Skip to content Skip to footer

#NewWave: How, when, and why to vote in the 2020 Elections

A global catastrophe in the form of a transmittable virus. Police brutality that has plagued the United States for centuries. Civil unrest across all 50 states unlike any we have seen since 1968.

With all of this in an election year, an argument can be made there has never been a more important time to vote, and absentee voting is one of the solutions.

Your voice matters. 

Your Vote Matters

This is a Call to Action

Young people, many of whom are approaching their first chance to vote, represent a crucial faction to the American populus. Enough with the older people having all the say. We need to build a better future that serves us.

 This is a call to action. Anyone who respects their fellow man and believes in equality for all must make those morals clear in the ballot boxes. Anyone who believes in a more just world, a more righteous country, a more caring and honest democracy. Now is the time to voice concern and bring about change.

It all begins in the polls. 

Causes to fight for

It’s evident that issues and causes such as race relations, social equality, and the justice system will be major political topics in the upcoming elections. But that doesn’t mean there aren’t other causes people can fight for.

With the media’s current focus on protests and the coronavirus pandemic, it can be easy to forget about other causes such as gun control, climate change, and wage laws. While these topics may be overshadowed by current civil unrest now, that doesn’t mean they need to be advocated for any less.

Now more than ever is it paramount for people to explore their own political beliefs and convictions, and if you find yourself breaking away from beliefs you’ve known previously, that’s perfectly okay.

Young Voters vs. Older Voters

Lack of political efficacy plagues younger generations in this country at the ballot box. By believing their single vote won’t make a difference, many millennials and Zoomers (Gen Z) choose to not vote. 

But older generations? They live to vote. This is reflective in data and ultimately, the results in elections.

Issues like climate change, abortion, and gun control are often forgotten with the lack of young voters turning out. 

That needs to change. 

One in ten eligible voters will be members of Generation Z, the Americans who will be between 18-23 this year. Also, nonwhites will account for a third of all eligible voters, their largest share ever. 

In 2018, 40 percent of Gen Z and Millennials voted, compared to 64 percent of Gen X and Boomers.

As the younger generation, we have allowed the older ones to dictate our country’s future for far too long. It is time we take control of the fabric, the future, and the morals of this country.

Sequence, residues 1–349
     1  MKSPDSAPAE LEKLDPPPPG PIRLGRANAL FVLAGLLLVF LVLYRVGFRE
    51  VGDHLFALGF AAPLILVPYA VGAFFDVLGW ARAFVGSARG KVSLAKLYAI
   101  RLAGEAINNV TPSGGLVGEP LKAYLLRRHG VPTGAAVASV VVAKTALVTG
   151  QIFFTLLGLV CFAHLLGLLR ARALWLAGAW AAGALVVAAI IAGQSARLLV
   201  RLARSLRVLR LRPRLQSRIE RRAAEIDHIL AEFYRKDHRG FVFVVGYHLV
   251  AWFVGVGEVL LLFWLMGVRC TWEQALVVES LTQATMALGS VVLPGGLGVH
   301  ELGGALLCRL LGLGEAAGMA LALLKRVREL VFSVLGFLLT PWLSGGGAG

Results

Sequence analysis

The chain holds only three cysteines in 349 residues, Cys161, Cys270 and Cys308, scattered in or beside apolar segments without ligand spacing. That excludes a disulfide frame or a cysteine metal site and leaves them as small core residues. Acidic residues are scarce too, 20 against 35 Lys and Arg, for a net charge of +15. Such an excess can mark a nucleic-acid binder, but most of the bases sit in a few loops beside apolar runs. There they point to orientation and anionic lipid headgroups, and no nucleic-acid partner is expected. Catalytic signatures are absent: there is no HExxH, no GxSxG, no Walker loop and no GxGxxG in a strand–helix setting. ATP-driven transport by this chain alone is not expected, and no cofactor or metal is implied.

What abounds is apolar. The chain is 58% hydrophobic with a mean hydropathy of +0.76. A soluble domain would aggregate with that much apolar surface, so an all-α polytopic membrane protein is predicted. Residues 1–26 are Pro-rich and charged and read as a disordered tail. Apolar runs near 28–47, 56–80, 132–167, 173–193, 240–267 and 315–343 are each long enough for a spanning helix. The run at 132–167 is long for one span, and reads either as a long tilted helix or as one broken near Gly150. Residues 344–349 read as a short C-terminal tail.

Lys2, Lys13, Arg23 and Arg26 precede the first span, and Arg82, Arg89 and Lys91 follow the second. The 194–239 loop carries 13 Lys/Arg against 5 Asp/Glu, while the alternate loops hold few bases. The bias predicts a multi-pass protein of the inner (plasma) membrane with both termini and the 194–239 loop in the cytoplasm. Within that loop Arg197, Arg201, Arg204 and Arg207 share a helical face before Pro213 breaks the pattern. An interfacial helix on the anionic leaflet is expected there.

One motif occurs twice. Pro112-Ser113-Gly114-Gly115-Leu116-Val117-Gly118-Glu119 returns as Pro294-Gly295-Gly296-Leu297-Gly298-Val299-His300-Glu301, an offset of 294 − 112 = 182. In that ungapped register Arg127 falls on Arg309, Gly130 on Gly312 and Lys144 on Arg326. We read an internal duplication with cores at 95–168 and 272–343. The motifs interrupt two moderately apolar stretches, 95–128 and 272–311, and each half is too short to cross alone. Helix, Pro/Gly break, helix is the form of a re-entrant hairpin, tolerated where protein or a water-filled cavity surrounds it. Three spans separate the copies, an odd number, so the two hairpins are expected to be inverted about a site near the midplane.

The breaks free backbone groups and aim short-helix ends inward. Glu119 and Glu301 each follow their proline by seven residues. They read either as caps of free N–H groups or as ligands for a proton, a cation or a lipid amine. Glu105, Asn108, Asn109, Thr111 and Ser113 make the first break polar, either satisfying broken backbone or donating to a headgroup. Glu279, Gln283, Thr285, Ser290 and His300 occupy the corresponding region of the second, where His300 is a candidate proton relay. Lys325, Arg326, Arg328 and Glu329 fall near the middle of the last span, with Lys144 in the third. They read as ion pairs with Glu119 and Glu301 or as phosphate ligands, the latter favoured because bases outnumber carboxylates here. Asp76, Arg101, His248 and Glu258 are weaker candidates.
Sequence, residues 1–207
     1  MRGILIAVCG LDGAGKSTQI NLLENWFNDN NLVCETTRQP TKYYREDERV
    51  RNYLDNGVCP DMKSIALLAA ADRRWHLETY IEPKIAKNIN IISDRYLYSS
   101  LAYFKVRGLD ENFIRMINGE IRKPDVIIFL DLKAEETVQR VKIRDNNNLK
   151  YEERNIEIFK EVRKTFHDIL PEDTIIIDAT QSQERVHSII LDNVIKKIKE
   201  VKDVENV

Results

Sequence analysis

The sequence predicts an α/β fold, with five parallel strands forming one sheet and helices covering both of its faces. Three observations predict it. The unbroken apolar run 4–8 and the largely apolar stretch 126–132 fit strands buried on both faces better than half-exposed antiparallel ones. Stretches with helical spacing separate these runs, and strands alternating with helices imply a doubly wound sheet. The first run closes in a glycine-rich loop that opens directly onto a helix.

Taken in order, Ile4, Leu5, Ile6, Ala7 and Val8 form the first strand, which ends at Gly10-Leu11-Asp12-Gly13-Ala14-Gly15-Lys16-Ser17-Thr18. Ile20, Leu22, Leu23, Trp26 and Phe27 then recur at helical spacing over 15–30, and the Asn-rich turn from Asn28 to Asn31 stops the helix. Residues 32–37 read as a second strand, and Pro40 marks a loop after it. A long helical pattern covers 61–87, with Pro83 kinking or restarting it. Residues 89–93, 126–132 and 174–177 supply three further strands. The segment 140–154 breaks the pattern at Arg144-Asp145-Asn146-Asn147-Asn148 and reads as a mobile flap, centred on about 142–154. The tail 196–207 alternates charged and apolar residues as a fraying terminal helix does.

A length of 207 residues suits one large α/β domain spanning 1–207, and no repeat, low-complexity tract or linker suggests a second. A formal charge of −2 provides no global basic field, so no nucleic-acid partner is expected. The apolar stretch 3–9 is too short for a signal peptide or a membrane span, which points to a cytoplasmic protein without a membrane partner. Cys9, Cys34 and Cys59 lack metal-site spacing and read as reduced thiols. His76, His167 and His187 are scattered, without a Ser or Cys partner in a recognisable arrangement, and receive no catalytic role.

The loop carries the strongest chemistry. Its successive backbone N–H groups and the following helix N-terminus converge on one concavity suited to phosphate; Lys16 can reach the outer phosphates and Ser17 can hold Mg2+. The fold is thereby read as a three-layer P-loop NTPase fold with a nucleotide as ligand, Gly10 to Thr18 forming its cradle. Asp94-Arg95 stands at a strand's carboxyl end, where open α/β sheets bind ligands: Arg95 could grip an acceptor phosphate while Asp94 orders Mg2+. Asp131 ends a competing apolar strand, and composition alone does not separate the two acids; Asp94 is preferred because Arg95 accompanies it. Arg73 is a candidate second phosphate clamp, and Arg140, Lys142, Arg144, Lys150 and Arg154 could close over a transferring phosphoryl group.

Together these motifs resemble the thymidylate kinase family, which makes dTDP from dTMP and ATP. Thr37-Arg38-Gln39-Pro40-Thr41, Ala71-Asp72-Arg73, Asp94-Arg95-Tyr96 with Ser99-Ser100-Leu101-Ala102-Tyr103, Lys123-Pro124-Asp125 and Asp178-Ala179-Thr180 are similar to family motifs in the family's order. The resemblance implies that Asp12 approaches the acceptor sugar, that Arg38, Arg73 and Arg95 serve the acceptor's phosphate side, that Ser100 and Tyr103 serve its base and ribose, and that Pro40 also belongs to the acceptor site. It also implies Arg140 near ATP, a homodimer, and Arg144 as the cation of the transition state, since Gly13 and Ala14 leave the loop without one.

The Importance of Absentee Voting

With several states still locked down as primaries are beginning, absentee ballots and voting by mail are especially important in the upcoming elections.

Demographically, the statistics are relatively similar between the usage of mail ballots and voting in-person. One subtle difference, however, lies in age groups that tend to vote by mail.

In the 2016 election, people above the age of 65 were generally more likely to engage in absentee voting, while the younger generation had a tendency to prefer in-person voting instead. What’s ironic about this trend is how now it is younger voters who are often supporting the expansion of voting by mail, while older voters are generally against it.

The coronavirus pandemic has contributed to a massive change in the voting landscape. Approximately two-thirds of Americans believe the pandemic will affect the election process. Furthermore, there has been a push to enable any voter to vote by mail if they so choose, with about 70 percent of citizens pushing for it.

Voter age

With these factors in mind, it’s essential to not only register to vote, but also to research how to vote by absentee. Be sure to check your state’s guidelines and ensure that you’re ready to cast your vote this election.

Just because most people won’t be able to make it to the ballots in person doesn’t mean your vote has any less impact. People’s votes matter now more than ever if they want to change the status quo.

Upcoming Election Dates

Get to the polls. Educate your friends and family. Speak about the causes we are fighting for to construct a more just and honest democracy.

Make no mistake about it: this is one of the most critical moments in our country’s history. Our grandchildren will talk about the election of 2020, as well as all of posterity. Take a stand on the side of righteousness, on the side that fights for our fellow man and woman. Whose side are you on?

Register to vote here.

Additional words by — @ethan-seidenberg